WRC: ‘Satellite spectrum central to connectivity vision’
Friday, November 27, 2015
Posted by: Randall Barney
The world’s governments have resoundingly affirmed a clear vision for the importance of many vital and irreplaceable services provided today over satellite. They also agreed on a clear framework for future access to satellite spectrum for innovative satellite communications. This was accomplished by agreeing to preserve and create new additional valuable spectrum for fixed and mobile solutions used to support a multitude of video, television and data services, to expand Internet access, and to bridge the ‘Digital Divide for billions of people around the world.
The inter-governmental decisions in support of satellite spectrum were made during the conclusion of the International Telecommunication Union’s (ITU’s) World Radiocommunication Conference (WRC), where the agreements reached by national administrations reflected a comprehensive strategy in which the unique value proposition of satellite-based connectivity is an integral part of a portfolio of synergistic technologies.
“WRC-15 has been a turning point in the global recognition of the value of satellite services for the future. We commend the national administrations – and the WRC Chairman, Mr. Festus Daudu – for their commitment to connectivity for all,” said a joint statement of a coalition of associations representing the satellite industry. “These decisions provide the stability necessary for the entire satellite industry to fully leverage its strengths in support of the vision expressed by the WRC delegates.”
Among the key decisions made during WRC:
L-band: WRC-15 avoided identification of the L-band spectrum, which is used by mobile satellite service operators around the world, for IMT. The Conference identified the band 1427-1518 MHz for IMT, requesting the ITU-R to determine the technical measures to ensure compatibility with the mobile-satellite service operations in the adjacent band (1518-1559 MHz).
C-band: WRC-15 reconfirmed the need to protect critical fixed-satellite service (FSS) services throughout the world in this unique band. The lower 200 MHz of the C-band downlink frequencies (3400-3600 MHz) were identified for IMT in ITU Regions 1 and 2; In Region 3 a handful of countries will sign a footnote allowing potential IMT use of these 200 MHz, while the vast majority of the region will continue satellite use of this band with no change. A position of “No Change” was adopted in the band 3600-4200 MHz, and only in Region 2 was a footnote agreed which identified IMT for a few countries in the 3600-3700 MHz band. A “No Change” decision means that administrations have recognised the vital and widespread use of those frequency bands by satellite services. Anywhere that IMT is deployed, it will be subject to adherence to strict protection requirements with neighbouring countries. In addition, the Conference declined to consider a proposal for IMT systems in the C-band uplink frequencies (5925-6425 MHz).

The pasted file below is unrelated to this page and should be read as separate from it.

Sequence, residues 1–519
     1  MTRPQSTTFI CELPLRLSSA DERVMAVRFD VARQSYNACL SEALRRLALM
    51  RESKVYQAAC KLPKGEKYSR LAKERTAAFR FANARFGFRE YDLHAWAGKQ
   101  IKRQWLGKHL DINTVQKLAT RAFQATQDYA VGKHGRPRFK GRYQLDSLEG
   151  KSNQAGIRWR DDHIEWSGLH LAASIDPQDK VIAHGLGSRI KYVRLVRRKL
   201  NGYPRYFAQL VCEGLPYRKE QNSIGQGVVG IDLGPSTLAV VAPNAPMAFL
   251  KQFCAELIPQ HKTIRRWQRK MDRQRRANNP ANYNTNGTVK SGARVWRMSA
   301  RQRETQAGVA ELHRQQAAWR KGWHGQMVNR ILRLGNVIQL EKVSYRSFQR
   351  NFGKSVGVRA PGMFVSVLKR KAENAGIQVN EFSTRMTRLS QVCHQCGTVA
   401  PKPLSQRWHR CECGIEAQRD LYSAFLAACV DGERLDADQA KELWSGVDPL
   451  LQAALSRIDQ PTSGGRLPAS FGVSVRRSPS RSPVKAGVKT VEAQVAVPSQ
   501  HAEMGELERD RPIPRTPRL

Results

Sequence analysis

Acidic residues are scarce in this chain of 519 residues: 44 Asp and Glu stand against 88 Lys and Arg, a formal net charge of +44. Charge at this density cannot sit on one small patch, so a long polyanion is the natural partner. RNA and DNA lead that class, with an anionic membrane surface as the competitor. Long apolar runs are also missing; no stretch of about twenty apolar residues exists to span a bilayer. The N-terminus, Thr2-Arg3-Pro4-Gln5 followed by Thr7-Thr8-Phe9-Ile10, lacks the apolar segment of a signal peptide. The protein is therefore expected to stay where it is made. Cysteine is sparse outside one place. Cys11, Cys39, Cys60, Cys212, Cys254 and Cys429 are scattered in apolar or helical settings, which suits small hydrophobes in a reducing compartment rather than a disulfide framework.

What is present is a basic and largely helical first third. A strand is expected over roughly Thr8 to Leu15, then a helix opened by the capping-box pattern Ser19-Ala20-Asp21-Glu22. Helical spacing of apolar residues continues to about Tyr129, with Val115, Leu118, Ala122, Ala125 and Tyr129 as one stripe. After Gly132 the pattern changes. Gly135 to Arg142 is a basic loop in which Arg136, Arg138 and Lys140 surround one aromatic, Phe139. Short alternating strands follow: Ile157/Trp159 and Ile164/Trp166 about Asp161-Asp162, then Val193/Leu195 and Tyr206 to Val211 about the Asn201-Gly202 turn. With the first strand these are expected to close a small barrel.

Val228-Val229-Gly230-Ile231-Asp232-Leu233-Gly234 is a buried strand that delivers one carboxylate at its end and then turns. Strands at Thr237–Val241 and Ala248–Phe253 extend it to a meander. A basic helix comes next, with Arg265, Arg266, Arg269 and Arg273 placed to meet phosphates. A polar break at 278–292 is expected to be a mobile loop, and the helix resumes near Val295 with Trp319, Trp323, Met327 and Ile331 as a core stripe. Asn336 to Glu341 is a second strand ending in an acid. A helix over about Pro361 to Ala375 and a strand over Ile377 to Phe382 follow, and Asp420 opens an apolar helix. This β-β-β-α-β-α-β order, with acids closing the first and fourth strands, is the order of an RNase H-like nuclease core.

Ku-band: In order to address a spectrum imbalance in Ku-band spectrum, WRC-15 identified additional spectrum for FSS systems between 10-17 GHz. A downlink allocation in the 13.4-13.65 GHz band in Region 1 (EMEA) was approved by the Conference. In addition, an allocation in the 14.5-14.8 GHz was approved in several countries around the world.
Future bands for 5G: The Conference decided that no globally harmonised bands for the fixed satellite service, mobile-satellite service and broadcast-satellite service in C, Ku or Ka band would be included in the scope of a new WRC-19 agenda item, which aims to identify new frequency bands for future IMT/ 5G use. Throughout the deliberations, multiple administrations in every world region expressed strong opposition to studying the Ka band for IMT/5G, again confirming the Conference’s confidence in satellite being a key player in the future digital eco-system.
ESIMs: The Conference adopted new regulations to facilitate the operation of ‘Earth Stations in Motion’(ESIMs) in part of the Ka-band satellite spectrum (19.7-20.2 GHz and 29.5-30 GHz). ESIMs operating in this band provide satellite broadband connectivity to mobile terminals, such as on ships and aircraft. The new regulations adopted by WRC-15 will facilitate the global roaming of such terminals, while protecting other services and applications from interference.
Other: WRC-15 adopted several agenda items for future conferences that will spur growth in the satellite industry. Studies were approved for WRC-19 for additional FSS spectrum in 51.4-52.4 GHz. In addition, the conference adopted a future agenda item for WRC-23 for additional satellite spectrum in the 37.5-39.5 GHz. Also, in a hotly contested debate, the Conference adopted a Resolution which sets the path towards allowing the use of FSS links for Unmanned Aerial Systems (UAS). - Read More>>